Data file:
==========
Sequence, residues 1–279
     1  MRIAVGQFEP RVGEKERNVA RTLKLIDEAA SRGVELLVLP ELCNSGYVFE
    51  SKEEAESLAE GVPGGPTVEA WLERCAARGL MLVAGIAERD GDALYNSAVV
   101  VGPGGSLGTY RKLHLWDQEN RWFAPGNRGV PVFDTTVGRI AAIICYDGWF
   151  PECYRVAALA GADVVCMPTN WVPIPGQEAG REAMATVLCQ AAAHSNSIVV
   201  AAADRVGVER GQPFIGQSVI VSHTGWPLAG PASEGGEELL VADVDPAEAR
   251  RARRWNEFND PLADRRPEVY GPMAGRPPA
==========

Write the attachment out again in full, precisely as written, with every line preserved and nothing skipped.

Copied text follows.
Sequence, residues 1–279
     1  MRIAVGQFEP RVGEKERNVA RTLKLIDEAA SRGVELLVLP ELCNSGYVFE
    51  SKEEAESLAE GVPGGPTVEA WLERCAARGL MLVAGIAERD GDALYNSAVV
   101  VGPGGSLGTY RKLHLWDQEN RWFAPGNRGV PVFDTTVGRI AAIICYDGWF
   151  PECYRVAALA GADVVCMPTN WVPIPGQEAG REAMATVLCQ AAAHSNSIVV
   201  AAADRVGVER GQPFIGQSVI VSHTGWPLAG PASEGGEELL VADVDPAEAR
   251  RARRWNEFND PLADRRPEVY GPMAGRPPA